Juice: Halfway Home

BY AARON DENTEL-POST

It seemed like a perfect fit: an all-natural zero-calorie sweetener, the first of its kind, cutting into the sugar and calories of juices without losing any of the sweetness.

Even with their complementary natural auras, stevia-sweetened mid-calorie and low-calorie juices been were slow to get off the ground. But it looks like they’ve finally arrived.

Look at Tropicana’s Trop50 line of fruit juice blends, which were introduced in 2009 and suffered through a disastrous re-branding effort that nearly sank the entire parent line. Combine that false start with the key problem with stevia – that it’s bitter and complicated to use – and there was something of a learning curve for consumers.

“It’s another aspect that consumers really want, which is a lighter and more refreshing juice,” said Kate Keller, Marketing Manager for Trop50. “If you switch from Tropicana to Trop50, you have to get used to it.”

Still, it seems like they are starting to. Trop50 flagship Orange has grown nearly 40 percent over the past year, according to Symphony IRI, and the brand sold more than $110 million in key grocery, convenience, mass and drug channels (excluding Wal-Mart), making it one of the fastest growing brands in the juice category, and off a very large, established base. According to Keller, 40 percent of the consumers who purchase will return – which means that the flavor is becoming less of an issue.

Nevertheless, other big companies have not yet made the stevia switch. Campbell’s V8 V-Fusion line still uses sucralose, for example, as does Ocean Spray for its lower-calorie lines.

PepsiCo was the earliest big-company adopter of stevia for juice, but they were soon followed by other entities of various size and purpose. Lo-Gly, for example, began with an idea to bring juice to diabetics, but it’s now marketed as a low glycemic index, stevia-sweetened juice blend that aims to provide natural aid in the uphill battle against expanding waistlines. But even with a clearly delineated mission, there’s a trade-off.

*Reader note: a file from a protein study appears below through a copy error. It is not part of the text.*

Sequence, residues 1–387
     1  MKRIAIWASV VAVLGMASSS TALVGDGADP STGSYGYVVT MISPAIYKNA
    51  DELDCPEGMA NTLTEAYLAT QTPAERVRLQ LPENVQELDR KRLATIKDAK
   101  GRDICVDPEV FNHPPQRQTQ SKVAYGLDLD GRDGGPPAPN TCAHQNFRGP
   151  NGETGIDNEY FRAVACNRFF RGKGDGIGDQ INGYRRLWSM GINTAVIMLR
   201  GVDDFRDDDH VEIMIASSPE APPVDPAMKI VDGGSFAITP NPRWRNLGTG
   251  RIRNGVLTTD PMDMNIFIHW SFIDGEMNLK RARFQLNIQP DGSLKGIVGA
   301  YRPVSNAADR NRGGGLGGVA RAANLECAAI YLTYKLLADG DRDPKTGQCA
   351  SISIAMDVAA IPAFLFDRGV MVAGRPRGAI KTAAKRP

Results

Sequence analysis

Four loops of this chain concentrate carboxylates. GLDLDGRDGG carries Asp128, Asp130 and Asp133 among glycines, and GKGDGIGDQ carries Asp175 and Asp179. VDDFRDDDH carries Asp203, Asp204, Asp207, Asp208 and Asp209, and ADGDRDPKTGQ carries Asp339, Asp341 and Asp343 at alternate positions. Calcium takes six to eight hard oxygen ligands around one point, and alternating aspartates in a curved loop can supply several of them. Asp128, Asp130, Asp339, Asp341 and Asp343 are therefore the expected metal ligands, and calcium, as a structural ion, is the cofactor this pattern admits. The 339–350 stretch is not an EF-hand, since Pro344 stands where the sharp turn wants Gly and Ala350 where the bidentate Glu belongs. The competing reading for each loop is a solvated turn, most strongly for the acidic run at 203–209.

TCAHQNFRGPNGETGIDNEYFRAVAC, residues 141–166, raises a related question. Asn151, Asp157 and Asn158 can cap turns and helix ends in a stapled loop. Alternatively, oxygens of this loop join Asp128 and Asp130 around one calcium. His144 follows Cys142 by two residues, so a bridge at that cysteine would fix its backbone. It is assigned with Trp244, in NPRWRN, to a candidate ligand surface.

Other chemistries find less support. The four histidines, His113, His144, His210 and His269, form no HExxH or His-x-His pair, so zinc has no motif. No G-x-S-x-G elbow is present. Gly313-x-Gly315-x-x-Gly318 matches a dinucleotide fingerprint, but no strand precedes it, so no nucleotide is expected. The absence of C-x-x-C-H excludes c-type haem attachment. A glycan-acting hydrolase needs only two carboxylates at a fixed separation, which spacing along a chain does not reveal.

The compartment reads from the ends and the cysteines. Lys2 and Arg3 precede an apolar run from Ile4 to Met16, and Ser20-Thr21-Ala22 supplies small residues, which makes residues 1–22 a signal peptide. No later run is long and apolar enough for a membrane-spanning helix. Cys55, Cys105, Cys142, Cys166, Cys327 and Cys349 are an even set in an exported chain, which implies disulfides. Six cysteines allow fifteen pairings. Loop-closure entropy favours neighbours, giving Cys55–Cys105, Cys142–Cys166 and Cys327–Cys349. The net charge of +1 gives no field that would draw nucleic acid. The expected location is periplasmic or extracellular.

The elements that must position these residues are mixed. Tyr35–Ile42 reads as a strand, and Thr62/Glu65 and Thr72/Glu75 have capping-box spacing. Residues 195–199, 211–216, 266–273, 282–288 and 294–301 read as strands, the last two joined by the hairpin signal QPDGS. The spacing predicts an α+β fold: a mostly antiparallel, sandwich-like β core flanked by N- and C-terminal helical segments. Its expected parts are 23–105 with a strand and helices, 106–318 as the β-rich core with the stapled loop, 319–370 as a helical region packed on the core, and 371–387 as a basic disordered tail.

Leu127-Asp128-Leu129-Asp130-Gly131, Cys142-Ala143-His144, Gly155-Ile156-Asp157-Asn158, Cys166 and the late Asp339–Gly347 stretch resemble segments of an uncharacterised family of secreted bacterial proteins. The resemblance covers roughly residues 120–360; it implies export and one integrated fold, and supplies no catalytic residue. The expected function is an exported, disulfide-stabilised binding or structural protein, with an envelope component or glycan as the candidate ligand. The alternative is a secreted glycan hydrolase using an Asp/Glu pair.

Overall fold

“You have to pick your battles,” said Dan Necochea, a manager in Lo-Gly’s corporate sales operation. “You can’t have a high percentage of juice and have low sugars and calories.”

Still, the overall consumer trend is toward cutting calories, and for beverages, that seems to be the larger overriding issue than taste variation. For Keller, it’s an encouraging sign that reading labels has become the vogue, and more juice consumers are concentrating on the bottle’s contents and calories.

“Almost 65 percent of our consumers say they read labels and monitor sugar intake,” she said.

Maral Barsoumian, Lo-Gly’s marketing director, says their sales have also been stoked by strong health interest from consumers.

“With more and more people dieting and all the articles on obesity, it makes sense we develop such a product,” Barsoumian said. “It wasn’t until recently that you go to a juice stand and see a calorie count.”

Coke’s consortium of companies also includes some juice brands. Currently, Odwalla has two stevia products, Odwalla Mo’ Beta and the Odwalla Strawberry Protein Monster, but it is also researching stevia-sweetened blends for Minute Maid and many other categories across the board. To break the staying power of stevia’s bitterness, Coke says it blends stevia with other natural sweeteners like sugar and fruit juice for a fulfilling final product.

“No single low- or no-calorie sweetener can match the taste and functionality of table sugar,” a Coke representative told Beverage Spectrum. “But some blends of sweeteners can achieve sweetness qualities that are very close.”

Tropicana’s Keller said killing the bitter bite of stevia is a question of mixing the right fruit flavors, and that often consumers connect more with blends because they don’t expect to know what the product will taste like.

“Our [research and development] team works really hard to find a taste profile that works for consumers,” Keller said.

When it comes to stevia’s troubling taste, Barsoumian said that Lo-Gly’s solution was a strong work ethic. Instead of contracting another company to develop a solution, they did all the work themselves.

“We’ve been able to get it to a point where you essentially can’t taste it,” said Barsoumian. “We literally did hundreds of experiments.”

For the bigger companies, particularly as the battle against calories continues, expect hundreds more.